Chapter 15:

  • How does the author engage the reader by traveling back in time?
  • What value is there in knowing the history and politics of a country before visiting?
  • Why is music an attractor?

Chapter 16:

  • How will the Hartmann’s future change knowing they’re Jewish and in Austria?
  • How can transient people ‘keep’ people?
  • What can an individual endure?

Chapter 17:

  • How does youth not understand the turmoil of war?
  • What similarities are there between Leo and Christian?
  • How could Emi make her encounter in the street disappear?

Chapter 18:

  • What can outweigh hate?
  • What other options would the Hartmann’s have to leave Austria?

Chapter 19:

  • How would life be different for the Hartmann’s in China?
  • What difficulty lies in leaving a home country for the older generation?

Chapter 20:

  • What would it be like to live in a community lacking diversity?
  • Why would Brazil trade off their Japanese?
  • What did freedom look like in India?

Chapter 21:

  • How had Japan changed?
  • How does money lose its value in such situations?
  • How does the past smell?
  • What is the result of blind patriotism

Chapter 22:

  • Why would the Chinese herd the Jewish people?
  • How did the war change the Chinese culture?
  • How did reality change for the Hartmann’s?

Chapter 23:

    • How did Emi’s journey on the train compare to Christian’s?
    • How would Emi’s knowledge of the world be dangerous?
    • Why is diversity comforting to Emi?
    • What would you have done in Emi’s position when the Moris didn’t pick her up?



Chapter 24:

  • How were Japan and Germany similar?
  • Why would German soldiers spend the war in Japan?
  • What did the SS officials do to obtain their high status?
  • Was there any value to Leo’s sacrifice?

Chapter 25:

  • How were the feelings for America and Germany different for Christian and his parents?
  • How would having Jack with him feel like home?

Chapter 26:

  • Was it a good idea for Emi to protect her parents? Why or why not?
  • What sacrifices would you make for food?
  • How could playing the piano for the Germans change much for Emi?

Chapter 27:

  • How would you handle the physical ailments if you were Leo?
  • Why would Hani want to keep Agatha away from Leo?
  • What does innocence look like? Especially during war?

Chapter 28:

  • Why did Christian feel everything was wrong?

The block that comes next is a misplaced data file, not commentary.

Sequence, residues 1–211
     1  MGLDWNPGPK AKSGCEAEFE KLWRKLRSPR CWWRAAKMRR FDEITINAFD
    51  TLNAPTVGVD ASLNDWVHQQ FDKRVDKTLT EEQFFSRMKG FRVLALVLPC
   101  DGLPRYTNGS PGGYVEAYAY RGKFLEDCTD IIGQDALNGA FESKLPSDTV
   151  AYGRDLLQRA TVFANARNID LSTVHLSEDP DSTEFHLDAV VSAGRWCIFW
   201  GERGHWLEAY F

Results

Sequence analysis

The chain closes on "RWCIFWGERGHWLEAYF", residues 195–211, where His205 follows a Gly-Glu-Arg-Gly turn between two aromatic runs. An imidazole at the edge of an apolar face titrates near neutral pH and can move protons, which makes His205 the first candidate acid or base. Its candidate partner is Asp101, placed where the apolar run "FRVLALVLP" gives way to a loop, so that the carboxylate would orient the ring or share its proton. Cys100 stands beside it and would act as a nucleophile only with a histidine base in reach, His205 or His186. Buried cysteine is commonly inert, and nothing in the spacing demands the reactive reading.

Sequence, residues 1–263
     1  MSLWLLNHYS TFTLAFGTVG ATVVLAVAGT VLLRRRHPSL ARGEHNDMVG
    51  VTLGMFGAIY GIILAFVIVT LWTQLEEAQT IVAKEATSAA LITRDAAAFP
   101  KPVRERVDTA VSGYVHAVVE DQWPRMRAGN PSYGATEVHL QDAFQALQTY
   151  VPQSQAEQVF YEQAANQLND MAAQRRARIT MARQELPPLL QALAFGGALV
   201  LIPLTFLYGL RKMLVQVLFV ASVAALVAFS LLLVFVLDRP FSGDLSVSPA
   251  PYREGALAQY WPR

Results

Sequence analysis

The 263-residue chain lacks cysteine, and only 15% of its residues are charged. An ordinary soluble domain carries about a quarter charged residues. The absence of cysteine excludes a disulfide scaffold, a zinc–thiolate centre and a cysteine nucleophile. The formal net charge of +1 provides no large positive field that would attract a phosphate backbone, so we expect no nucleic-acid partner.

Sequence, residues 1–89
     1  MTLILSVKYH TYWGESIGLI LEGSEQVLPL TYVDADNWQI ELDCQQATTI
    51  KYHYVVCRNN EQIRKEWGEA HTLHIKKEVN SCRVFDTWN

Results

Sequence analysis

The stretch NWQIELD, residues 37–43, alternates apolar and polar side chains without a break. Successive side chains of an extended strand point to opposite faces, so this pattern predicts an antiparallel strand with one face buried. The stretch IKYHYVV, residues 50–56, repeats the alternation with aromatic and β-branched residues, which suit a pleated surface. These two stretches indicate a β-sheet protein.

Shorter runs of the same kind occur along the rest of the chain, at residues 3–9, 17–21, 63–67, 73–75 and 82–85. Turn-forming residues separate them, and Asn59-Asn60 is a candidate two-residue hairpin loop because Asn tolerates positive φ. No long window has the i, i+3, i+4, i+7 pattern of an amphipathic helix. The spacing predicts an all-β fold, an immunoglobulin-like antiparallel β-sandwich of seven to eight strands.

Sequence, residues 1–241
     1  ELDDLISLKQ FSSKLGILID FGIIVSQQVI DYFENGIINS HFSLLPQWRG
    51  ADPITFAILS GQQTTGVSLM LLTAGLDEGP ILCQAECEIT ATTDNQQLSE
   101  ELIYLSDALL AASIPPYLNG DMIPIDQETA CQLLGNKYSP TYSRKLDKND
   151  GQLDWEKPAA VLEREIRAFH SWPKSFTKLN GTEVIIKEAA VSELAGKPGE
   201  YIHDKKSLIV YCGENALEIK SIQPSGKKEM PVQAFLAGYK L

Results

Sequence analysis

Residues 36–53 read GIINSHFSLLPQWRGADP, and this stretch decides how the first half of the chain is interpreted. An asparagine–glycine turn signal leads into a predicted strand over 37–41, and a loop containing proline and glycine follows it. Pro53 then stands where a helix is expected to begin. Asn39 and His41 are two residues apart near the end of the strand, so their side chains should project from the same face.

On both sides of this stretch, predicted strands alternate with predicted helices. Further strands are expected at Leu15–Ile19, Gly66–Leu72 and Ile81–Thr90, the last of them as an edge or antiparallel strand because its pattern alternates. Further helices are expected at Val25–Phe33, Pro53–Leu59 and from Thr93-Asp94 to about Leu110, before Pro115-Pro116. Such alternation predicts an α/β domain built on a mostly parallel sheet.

• What does it take to kill another person?

Chapter 29:

  • How did Jiro and Emi’s experience in America compare to each other?
  • Why would Jiro keep the truth from his wife about the war?
  • Are there dangers with indoctrination? Why or why not?

Chapter 30:

  • Why does Christian ache for simplicity? What does simplicity mean to Christian?
  • Why would Christian free the Japanese prisoner?

Chapter 31:

  • How similar and different are the German soldiers to the American soldiers in Christian’s unit?
  • What different challenges existed in getting a chicken versus a pig?
  • Why would the Germans trade Ernst for his father?
  • Why would Oscar be sent home to die?

Chapter 32:

  • How could Christian find out about his family?
  • What does being like an orphan feel like?

Chapter 33:

    • What did normal look like before the war? During the war? After the war?
    • How did music again change things for Emi?



Chapter 34:

  • How are resources different for Leo compared to Emi?

Chapter 35:

  • What would post-war look like in Karuizawa?

Chapter 36:

  • How do things look different in peace and freedom?
  • How does peace time change personal responsibility and freedom?
  • Why would the Japanese man in the internment camp mistranslate the letter for Christian?

 

By Tracy Atkinson

Tracy Atkinson, mother of six, lives in the Midwest with her husband and spirited long-haired miniature dachshunds. She is a teacher, having taught elementary school to higher education, holding degrees in elementary education and a master’s in higher education. Her passion is researching, studying and investigating the attributes related to self-directed learners. She has published several titles, including MBTI Learning Styles: A Practical Approach, The Art of Learning Journals, Calais: The Annals of the Hidden, Lemosa: The Annals of the Hidden, Book Two, Rachel’s 8 and Securing Your Tent. She is currently working on a non-fiction text exploring the attributes of self-directed learners: The Five Characteristics of Self-directed Learners.

 

Tracy Harrington-Atkinson

Tracy Harrington-Atkinson, mother of six, lives in the mid-west with her husband. She loved storytelling and sharing her stories with her children. As they grew, she started writing her stories down for them. She is a teacher, having taught from elementary school to higher education, holding degrees in elementary education, masters in higher education and continued on to a PhD in curriculum design. Her husband, Kerry and Tracy breed miniature dachshunds and love to spend time with their growing family. She has published several books including Calais: The Annals of the Hidden, Rachel's 8 and Securing Your Tent.